“We need to refine our teaching to take into account the high percentage of error in written composition that is rooted in the difficultly of performance rather than in problems of general linguistic competence” (349).

Errors that come from the “physical and conceptual demands of writing” and “the requirements of manipulating the print code” (351).

Errors are “stylistic features, information about this writer and this language” (342).

“When a basic writer violates our expectations, however, there is a tendancy to dismiss the text as non-writing, as meaningless or imperfect writing” (339).

“We have read, rather, as policemen, examiners, gate-keepers” (339)

We need to “treat the language of basic writing as language and assume, as we do when writers violate our expectations in more conventional ways, that the unconventional features in the writing are evidence of intention and that they are, therefore, meaningful, then we can chart systematic choices, individual strategies, and characteristic processes of thought” (340)

Notable Notes

All language use is idiosyncratic. The distance between a text and the accepted convention is just greater with a basic writer.

interlanguage/ intermediate system

have a writer read his own text to see what the maning is.

problem with error analysis: people learn correct written English not just aurally, but also visually. Also, the difficulty of intention: written error analysis asks for interpretation and analysis of the reason behind the error. The analyst has to first interpret the text, not just describe what’s there.

Rose, “Remedial Writing Courses”

Rose, Mike. “Remedial Writing Courses: A Critique and a Proposal.” In The Writing Teacher’s Sourcebook. 353-369.

Mike Rose points out five problems of the typical remedial writing course and suggests how basic writing courses can be changed to better serve the students in them. First, they are self-contained courses, not connected to larger writing contexts students will encounter at the university. Second, they rely on assignments based on simple, unmotivating topics that don’t produce academic prose. Third, they are not grounded in the writing process, rather focusing almost exclusively on error avoidance. Fourth, they do not expand their scope to include reading and thinking heuristics in conjunction with writing assignments. Finally, they stay in the realm of personal writing, never challenging students to write academic prose. Instead of this model of a remedial writing course, teachers need to give students real discourse patterns to write with and in, grounded in meaningful context. Those patterns should be taught as strategies, not structures, and be sequenced to build to more and more complex writing situations and assignments.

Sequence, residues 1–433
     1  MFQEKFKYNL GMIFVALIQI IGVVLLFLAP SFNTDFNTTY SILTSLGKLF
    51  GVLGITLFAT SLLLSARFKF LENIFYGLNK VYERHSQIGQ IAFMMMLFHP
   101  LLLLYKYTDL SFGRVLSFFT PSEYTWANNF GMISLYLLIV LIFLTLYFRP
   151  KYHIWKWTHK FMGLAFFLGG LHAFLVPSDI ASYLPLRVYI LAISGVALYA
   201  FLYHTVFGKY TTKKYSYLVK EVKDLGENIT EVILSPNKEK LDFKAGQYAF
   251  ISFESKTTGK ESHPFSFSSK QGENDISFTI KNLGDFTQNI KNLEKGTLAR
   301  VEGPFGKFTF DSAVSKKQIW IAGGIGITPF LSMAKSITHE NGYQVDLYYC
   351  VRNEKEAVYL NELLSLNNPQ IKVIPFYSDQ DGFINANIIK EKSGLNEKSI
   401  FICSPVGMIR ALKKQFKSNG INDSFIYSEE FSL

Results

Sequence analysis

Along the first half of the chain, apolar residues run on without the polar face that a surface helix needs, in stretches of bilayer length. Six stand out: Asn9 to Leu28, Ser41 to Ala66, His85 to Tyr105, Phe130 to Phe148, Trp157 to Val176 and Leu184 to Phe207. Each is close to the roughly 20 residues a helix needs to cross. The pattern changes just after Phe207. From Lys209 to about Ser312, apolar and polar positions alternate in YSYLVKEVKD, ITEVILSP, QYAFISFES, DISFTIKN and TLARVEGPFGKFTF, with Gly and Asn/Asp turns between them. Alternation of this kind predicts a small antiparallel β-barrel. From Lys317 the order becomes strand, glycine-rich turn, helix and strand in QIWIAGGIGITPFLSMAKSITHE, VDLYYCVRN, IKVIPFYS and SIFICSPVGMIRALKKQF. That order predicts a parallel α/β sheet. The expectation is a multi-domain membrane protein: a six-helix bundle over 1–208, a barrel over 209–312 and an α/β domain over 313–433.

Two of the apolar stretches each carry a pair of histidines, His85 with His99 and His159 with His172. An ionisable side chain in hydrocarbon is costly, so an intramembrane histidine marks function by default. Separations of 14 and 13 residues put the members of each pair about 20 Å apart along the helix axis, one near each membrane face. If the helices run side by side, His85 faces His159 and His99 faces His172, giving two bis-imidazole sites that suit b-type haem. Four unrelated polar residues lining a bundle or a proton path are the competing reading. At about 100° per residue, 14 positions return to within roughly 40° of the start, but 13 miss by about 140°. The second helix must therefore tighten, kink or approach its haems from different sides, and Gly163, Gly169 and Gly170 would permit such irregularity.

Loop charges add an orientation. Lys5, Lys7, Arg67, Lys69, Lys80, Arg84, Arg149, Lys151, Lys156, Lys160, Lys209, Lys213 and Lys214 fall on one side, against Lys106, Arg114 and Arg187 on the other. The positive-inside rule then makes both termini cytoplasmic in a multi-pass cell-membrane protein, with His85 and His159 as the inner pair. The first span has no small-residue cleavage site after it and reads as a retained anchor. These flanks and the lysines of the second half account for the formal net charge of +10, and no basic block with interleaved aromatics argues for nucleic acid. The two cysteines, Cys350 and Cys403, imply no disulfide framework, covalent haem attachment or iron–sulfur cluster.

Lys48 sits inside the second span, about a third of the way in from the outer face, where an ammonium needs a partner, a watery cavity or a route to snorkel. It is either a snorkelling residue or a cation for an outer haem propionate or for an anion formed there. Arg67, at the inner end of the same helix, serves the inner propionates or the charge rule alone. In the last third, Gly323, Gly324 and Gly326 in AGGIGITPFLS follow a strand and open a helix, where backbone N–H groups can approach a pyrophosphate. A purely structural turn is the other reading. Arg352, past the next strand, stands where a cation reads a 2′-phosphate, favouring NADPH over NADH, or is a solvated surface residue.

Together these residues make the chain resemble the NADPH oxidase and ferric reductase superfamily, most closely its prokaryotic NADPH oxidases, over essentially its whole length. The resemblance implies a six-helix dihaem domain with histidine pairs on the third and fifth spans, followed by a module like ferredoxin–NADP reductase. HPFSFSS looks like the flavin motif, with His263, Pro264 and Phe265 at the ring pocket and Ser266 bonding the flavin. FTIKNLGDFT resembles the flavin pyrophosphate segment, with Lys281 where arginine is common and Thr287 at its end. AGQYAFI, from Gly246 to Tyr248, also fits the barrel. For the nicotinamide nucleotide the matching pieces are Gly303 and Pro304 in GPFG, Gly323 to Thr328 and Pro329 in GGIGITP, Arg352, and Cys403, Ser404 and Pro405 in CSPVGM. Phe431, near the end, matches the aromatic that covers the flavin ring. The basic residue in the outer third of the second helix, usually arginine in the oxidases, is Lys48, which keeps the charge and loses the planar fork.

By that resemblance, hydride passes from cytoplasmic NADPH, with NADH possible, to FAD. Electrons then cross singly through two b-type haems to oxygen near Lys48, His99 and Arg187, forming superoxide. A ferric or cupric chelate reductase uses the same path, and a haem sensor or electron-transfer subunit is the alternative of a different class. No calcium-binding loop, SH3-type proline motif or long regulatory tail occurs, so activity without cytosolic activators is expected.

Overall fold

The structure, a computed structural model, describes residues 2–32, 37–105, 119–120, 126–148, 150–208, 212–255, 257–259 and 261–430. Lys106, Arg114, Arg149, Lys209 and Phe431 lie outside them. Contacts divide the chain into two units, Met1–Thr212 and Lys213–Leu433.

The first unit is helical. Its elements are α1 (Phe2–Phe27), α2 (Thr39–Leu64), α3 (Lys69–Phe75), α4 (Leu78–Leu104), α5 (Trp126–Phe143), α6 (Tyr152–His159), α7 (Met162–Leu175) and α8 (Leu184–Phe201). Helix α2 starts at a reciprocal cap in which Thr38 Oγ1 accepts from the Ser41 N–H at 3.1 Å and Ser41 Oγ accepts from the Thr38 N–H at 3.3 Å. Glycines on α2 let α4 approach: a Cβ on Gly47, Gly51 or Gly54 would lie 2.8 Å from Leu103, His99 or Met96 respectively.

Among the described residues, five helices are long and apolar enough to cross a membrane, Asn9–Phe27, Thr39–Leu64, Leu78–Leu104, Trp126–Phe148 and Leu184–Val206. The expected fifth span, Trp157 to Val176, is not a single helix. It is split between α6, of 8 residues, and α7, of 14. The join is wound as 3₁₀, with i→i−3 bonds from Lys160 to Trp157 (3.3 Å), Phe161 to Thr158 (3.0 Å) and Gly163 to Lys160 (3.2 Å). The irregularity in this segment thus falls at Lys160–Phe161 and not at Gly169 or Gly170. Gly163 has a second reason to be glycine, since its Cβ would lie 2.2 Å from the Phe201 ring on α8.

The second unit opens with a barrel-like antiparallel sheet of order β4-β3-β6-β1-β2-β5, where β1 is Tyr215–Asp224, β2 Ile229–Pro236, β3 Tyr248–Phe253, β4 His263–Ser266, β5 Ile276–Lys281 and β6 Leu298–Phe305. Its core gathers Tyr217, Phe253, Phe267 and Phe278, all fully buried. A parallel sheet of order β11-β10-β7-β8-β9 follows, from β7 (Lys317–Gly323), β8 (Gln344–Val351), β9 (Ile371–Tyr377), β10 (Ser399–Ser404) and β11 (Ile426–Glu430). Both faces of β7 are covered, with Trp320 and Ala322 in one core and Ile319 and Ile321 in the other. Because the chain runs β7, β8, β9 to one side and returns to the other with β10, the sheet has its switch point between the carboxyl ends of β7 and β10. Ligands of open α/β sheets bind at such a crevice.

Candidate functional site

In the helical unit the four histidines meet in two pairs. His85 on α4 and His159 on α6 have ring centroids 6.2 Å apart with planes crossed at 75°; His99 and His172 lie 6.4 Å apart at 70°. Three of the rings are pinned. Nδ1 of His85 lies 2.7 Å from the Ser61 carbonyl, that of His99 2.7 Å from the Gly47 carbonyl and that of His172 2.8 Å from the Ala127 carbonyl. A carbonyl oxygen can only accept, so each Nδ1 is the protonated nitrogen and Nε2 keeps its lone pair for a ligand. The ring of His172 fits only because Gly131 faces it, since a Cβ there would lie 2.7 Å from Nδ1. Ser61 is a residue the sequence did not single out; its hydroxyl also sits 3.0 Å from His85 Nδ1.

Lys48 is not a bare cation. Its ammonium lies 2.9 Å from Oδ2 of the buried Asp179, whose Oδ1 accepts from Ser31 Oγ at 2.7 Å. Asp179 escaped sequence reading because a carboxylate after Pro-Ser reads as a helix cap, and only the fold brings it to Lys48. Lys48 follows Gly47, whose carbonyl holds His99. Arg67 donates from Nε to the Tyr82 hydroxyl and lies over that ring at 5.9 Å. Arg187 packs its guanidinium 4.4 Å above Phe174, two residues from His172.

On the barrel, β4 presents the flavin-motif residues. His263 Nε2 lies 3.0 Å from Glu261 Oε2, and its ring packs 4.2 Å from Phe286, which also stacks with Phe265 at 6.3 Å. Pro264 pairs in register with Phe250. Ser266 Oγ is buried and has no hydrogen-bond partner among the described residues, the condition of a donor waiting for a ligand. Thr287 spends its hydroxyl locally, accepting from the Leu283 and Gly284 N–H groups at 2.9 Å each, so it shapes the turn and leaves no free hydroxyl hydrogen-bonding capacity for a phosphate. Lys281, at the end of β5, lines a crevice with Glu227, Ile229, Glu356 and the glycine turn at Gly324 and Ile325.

Quotable Quotes

We need to start “conceiving of composition as a highly complex thinking/learning/reading/writing skill that demands holistic, not neatly segmented and encapsulated, pedagogies” (362).

“The reflexive, exploratory possibilities of engaging in academic (vs. personal) topics are not exploited, and instruction in more complex patterns of discourse is delayed or soft-pedaled” (362).

“The nature of our programs is nearly synchronized with the narror reality created for them by our institutions” (369).

Notable Notes

reflexive writing tied to Emig